Secondhand, first rate: A guide to thrift shops in SouthwestI’m cheap — I’ll admit it. Trudging to the Mall of America or Southdale Shopping Center often causes my wallet to shrink and cower at the bottom of my purse. Should I spend $60 on jeans or buy groceries for a week? My stomach usually wins.
But a girl’s got to have clothes and luckily, Southwest has plenty of consignment and vintage shops with cheap, hip duds that will let me be stylish without starving. Each store targets slightly different demographics, from young trendsetters to comfy professionals. Notebook in hand, I hit the streets and came up with a list of which stores are easy on the checkbook and high on style.
2928 Lyndale Ave. S.
Home to the best selection of used cowboy boots in Minneapolis, Tatters caters to the young, the hip, and oddly enough, the fashion clueless. With endless racks of vintage T-shirts, polyester pants, and Western snap-ups, each item in the store can be worn with varying degrees of irony. For extra fashion flavor, check out their retro array of belt buckles and sunglasses.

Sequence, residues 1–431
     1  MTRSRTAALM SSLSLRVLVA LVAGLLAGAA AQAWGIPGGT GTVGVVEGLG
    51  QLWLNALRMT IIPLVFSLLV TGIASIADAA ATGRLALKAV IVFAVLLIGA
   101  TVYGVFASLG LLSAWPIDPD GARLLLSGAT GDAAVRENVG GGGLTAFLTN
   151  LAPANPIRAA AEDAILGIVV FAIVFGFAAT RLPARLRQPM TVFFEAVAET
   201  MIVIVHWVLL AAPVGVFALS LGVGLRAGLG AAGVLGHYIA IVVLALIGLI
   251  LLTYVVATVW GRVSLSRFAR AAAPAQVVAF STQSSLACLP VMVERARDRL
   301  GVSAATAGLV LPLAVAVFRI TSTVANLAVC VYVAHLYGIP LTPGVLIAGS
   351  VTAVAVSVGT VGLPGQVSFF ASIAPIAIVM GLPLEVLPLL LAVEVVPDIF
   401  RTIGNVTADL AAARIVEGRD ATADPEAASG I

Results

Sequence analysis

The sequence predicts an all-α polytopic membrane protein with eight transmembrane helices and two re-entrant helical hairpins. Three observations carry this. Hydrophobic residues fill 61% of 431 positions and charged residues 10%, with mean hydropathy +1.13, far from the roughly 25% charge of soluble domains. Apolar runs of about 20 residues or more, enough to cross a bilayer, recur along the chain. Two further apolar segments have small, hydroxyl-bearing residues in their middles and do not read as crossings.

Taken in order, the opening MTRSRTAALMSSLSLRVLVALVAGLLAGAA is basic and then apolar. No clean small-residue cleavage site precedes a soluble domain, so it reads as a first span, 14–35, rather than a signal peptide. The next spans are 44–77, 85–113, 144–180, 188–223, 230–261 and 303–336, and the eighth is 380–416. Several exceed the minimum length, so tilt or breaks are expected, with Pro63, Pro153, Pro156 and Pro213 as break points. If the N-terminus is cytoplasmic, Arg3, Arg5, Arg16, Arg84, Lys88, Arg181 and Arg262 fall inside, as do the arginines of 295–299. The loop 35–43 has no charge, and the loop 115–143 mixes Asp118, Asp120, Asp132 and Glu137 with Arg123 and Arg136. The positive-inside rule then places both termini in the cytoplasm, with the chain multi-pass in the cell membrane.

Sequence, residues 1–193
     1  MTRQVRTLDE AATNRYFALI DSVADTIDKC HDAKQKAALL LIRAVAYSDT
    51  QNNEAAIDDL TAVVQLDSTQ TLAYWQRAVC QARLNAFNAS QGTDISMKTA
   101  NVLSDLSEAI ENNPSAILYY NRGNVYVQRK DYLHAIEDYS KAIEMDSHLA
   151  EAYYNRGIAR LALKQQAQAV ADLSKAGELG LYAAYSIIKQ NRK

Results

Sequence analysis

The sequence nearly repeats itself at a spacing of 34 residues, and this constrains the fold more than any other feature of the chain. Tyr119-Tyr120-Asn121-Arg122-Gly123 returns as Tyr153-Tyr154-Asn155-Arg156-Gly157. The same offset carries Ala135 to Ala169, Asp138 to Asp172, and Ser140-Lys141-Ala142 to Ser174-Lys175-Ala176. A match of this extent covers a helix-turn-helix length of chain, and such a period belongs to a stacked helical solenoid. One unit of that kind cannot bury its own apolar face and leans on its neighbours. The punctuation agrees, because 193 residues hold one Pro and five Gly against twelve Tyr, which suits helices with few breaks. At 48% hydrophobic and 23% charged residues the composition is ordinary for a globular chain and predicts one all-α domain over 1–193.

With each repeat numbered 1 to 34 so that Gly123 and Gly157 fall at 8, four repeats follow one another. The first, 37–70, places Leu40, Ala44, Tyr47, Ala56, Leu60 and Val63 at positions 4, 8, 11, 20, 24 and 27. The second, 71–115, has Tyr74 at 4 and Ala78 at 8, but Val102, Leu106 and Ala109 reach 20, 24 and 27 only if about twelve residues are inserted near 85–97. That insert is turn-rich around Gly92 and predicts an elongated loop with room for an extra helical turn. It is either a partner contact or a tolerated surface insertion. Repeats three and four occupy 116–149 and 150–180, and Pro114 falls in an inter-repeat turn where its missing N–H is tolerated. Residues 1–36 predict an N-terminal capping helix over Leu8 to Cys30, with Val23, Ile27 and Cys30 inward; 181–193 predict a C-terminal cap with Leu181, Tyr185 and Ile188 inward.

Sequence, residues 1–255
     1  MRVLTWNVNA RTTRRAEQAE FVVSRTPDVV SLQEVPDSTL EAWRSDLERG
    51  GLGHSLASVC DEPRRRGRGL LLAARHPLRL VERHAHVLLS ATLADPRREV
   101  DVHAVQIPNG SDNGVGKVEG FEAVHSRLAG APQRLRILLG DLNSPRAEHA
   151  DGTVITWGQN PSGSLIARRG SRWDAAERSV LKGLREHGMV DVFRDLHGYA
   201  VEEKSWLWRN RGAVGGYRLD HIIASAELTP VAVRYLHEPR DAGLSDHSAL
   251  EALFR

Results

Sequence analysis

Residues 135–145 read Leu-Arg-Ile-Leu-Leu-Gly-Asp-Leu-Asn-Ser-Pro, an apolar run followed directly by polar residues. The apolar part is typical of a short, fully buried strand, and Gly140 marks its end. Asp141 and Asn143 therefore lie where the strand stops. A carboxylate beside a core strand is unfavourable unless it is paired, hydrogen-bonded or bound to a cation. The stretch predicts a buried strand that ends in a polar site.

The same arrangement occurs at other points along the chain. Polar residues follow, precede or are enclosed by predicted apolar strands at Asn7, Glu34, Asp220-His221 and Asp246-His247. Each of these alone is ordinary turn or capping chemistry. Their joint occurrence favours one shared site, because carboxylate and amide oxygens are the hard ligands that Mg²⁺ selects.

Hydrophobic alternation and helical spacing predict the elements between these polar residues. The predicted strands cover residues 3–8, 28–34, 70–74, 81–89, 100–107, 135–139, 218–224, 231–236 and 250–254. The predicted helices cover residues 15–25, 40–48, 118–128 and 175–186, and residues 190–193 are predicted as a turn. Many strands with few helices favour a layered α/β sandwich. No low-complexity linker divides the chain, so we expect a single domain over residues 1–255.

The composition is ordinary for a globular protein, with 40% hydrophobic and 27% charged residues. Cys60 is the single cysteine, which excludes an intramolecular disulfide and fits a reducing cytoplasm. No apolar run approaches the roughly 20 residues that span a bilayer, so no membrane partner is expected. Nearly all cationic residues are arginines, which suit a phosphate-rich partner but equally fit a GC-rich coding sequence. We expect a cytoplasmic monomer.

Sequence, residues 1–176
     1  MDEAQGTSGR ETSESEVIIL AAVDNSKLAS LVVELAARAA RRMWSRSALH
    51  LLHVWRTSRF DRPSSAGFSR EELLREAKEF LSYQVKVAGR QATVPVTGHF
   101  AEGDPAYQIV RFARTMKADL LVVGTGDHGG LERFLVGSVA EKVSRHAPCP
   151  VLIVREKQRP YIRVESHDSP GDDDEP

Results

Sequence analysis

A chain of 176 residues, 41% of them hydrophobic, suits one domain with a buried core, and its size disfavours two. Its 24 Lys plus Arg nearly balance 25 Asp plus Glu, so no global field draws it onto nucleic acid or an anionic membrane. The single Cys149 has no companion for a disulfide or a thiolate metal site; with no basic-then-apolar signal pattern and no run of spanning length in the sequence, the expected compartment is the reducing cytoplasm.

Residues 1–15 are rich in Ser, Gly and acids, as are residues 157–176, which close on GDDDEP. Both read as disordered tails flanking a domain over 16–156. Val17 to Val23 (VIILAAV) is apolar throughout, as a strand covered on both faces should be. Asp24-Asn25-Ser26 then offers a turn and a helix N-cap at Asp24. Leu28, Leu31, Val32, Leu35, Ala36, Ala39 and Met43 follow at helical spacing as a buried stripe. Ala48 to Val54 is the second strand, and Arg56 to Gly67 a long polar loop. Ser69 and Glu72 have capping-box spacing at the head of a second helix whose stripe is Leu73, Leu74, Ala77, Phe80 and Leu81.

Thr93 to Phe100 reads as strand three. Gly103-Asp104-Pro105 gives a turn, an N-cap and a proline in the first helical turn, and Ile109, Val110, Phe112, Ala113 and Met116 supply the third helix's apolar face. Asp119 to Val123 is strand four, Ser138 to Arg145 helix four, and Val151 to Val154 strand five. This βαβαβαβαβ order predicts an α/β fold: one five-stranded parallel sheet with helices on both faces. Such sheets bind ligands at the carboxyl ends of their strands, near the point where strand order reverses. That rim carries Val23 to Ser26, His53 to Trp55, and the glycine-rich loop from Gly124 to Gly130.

2408 Hennepin Ave. S.
Via’s isn’t your typical thrift store with cheap, roughed-up sweaters and worn-down sneakers. The 24-year-old shop only sells pre-1980 clothing and specializes in high quality items dating back to the 1800s — perfect if you’re looking for a $98 1940s pinstripe suit, not so great if you want a $5 sweatshirt. Shopping aside, Via’s array of authentic flapper dresses, vintage pumps and 50-year-old gowns are worth browsing for history’s sake alone.
2912 Hennepin Ave. S.
If an award existed for the greatest amount of clothing packed into the smallest possible space, Uptown’s Everyday People would be a gold medal champ. The cramped store is a haven for young, stylish thriftsters, making them dig for their finds and rejoice at the price. From $5 T-shirts to $50 jeans, the search is half the fun.
4936 France Ave. S.